Scale-up of Bioprocesses
479
Table 11.1. Basic tasks of the bioreactor
Function
Com m ent
Containment
Ensurance of sterility
Introduction of gaseous reactants
Typically oxygen, but also in some cases the
carbon source e.g. methane
Introduction of liquid reactants
Typically the carbon source is a liquid sugar
solution
Removal of gaseous products
Carbon dioxide is the most common gaseous
product to be removed
Control of the physical environment
Temperature and pH normally need to be
controlled. Shear rates may need to be limited
Suspension
Cells and particulate matter need to be
suspended
Dispersion
Mixing of two-phase systems
Table 11.1. A number of different reactor types have been developed to fulfill these tasks. A rich
source of inspiration for the design of novel bioreactors, is the great variety of natural
bioreactors. As examples of these can be mentioned ponds, calf stomachs or termite guts
(Cooney, 1983, Brune 1998).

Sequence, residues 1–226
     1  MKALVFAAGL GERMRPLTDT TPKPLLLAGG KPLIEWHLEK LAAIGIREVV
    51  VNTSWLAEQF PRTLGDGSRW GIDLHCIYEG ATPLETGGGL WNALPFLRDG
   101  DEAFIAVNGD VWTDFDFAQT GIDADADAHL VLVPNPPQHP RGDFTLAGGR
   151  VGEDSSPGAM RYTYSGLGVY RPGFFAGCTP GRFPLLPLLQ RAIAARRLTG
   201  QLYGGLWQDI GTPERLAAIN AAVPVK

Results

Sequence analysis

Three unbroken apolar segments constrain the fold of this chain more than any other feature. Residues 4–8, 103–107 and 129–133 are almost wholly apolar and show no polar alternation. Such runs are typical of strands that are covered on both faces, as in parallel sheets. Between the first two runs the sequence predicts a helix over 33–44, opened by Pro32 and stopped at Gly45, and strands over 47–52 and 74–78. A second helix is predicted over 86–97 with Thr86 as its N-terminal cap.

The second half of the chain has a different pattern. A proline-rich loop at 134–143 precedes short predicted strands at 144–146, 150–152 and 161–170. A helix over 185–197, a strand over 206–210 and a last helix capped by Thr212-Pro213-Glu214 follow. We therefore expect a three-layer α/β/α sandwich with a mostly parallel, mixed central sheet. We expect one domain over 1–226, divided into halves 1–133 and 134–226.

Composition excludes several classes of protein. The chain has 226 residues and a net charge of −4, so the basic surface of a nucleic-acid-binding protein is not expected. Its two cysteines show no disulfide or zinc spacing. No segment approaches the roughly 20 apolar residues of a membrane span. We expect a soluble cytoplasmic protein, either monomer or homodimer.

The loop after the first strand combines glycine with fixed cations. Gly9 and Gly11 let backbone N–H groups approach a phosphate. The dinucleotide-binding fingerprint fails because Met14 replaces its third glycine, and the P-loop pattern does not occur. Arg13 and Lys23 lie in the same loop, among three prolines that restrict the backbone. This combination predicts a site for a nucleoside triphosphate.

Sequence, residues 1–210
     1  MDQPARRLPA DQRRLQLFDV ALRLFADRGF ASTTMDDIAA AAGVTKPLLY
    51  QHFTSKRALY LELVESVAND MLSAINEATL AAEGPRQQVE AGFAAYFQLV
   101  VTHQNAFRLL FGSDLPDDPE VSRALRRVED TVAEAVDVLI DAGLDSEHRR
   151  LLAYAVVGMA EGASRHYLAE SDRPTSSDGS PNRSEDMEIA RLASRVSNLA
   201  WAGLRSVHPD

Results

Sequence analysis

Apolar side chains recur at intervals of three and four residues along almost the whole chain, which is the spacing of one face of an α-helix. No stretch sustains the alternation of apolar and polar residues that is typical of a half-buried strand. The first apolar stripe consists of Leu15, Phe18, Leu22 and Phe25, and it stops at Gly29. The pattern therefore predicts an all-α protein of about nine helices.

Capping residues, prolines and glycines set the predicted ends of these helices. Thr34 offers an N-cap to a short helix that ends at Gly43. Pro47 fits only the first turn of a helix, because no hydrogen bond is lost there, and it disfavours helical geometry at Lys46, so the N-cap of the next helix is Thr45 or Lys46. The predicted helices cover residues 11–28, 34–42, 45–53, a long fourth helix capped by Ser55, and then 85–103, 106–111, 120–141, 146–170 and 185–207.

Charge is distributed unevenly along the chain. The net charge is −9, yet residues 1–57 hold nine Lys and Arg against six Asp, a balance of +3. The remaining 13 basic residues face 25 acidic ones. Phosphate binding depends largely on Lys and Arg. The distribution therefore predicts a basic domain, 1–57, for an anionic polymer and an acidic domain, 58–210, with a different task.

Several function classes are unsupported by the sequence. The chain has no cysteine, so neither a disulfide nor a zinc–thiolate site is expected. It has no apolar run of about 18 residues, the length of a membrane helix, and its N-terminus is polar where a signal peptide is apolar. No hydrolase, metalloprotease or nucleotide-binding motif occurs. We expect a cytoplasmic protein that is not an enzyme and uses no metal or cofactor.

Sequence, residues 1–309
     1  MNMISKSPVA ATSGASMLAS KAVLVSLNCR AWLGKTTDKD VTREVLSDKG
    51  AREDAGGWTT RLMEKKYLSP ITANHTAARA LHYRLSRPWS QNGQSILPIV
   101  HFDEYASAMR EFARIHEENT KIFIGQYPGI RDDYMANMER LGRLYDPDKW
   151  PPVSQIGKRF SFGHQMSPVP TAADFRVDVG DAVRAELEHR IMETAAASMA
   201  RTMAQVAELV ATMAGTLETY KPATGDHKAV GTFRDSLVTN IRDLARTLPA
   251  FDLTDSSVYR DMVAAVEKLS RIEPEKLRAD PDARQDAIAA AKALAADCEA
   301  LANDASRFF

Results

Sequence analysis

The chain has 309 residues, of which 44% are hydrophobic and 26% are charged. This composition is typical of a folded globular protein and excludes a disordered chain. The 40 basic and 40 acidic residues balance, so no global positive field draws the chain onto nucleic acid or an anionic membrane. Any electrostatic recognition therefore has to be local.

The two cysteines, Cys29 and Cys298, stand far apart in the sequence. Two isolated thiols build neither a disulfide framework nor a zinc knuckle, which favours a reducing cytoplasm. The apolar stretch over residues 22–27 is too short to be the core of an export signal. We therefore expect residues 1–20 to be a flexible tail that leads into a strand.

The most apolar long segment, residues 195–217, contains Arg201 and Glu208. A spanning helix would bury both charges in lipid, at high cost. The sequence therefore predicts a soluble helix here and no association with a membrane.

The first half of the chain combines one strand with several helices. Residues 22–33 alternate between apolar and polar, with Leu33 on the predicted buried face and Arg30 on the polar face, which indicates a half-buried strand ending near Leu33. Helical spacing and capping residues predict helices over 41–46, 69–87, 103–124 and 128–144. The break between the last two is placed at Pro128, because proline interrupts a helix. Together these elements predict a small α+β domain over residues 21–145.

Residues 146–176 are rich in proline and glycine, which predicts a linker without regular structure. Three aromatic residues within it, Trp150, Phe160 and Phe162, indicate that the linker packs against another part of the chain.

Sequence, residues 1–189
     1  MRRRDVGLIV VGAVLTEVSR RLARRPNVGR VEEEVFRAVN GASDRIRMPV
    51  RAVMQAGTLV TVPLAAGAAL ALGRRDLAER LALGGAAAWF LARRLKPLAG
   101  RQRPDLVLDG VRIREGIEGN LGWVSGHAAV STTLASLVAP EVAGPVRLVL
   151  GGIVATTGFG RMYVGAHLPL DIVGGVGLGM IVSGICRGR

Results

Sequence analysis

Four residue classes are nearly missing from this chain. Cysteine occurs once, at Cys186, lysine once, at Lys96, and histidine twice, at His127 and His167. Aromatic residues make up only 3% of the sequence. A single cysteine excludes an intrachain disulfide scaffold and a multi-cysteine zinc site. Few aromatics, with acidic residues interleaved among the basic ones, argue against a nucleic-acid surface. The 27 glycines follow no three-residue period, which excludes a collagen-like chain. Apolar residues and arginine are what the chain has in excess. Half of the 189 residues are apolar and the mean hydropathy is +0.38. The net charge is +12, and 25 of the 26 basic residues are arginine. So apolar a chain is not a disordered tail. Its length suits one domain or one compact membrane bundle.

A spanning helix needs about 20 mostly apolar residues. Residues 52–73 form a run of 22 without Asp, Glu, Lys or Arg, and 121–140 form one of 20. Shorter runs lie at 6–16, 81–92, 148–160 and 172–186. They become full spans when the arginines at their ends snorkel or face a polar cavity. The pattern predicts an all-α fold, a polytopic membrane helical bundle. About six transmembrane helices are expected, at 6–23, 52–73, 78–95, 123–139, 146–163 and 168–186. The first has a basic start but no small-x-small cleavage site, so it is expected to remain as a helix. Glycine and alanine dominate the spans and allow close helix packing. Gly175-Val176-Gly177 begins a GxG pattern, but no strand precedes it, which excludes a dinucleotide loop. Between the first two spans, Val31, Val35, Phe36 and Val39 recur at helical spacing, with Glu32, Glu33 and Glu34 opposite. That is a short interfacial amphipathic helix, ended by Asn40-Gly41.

Most bioreactors fall into one of the following categories; unstirred vessels, stirred vessels,
bubble columns, airlift reactors, membrane reactors, fluidized beds, or packed beds. The reactor
types differ primarily with respect to mode of agitation and aeration. In mechanically agitated
reactors, mixing is obtained via internal stirrers, whereas in pneumatically agitated reactors the
flow is achieved by the aeration only. In loop reactors part o f the liquid is continuously
withdrawn by means of a pump to an external circulation loop. Aeration, substrate addition and
heat transfer may all be placed in the external loop.
stirrer
sparger
a
bed with a
g.
Immobilized
draft
tube
sparger
aeration
Fig. 11.2. Schematic representation of some reactor types, a) stirred tank reactor, b) bubble column, c)
airlift reactor, d) trickle bed reactor, e) loop reactor with external circulation and heat exchanger.
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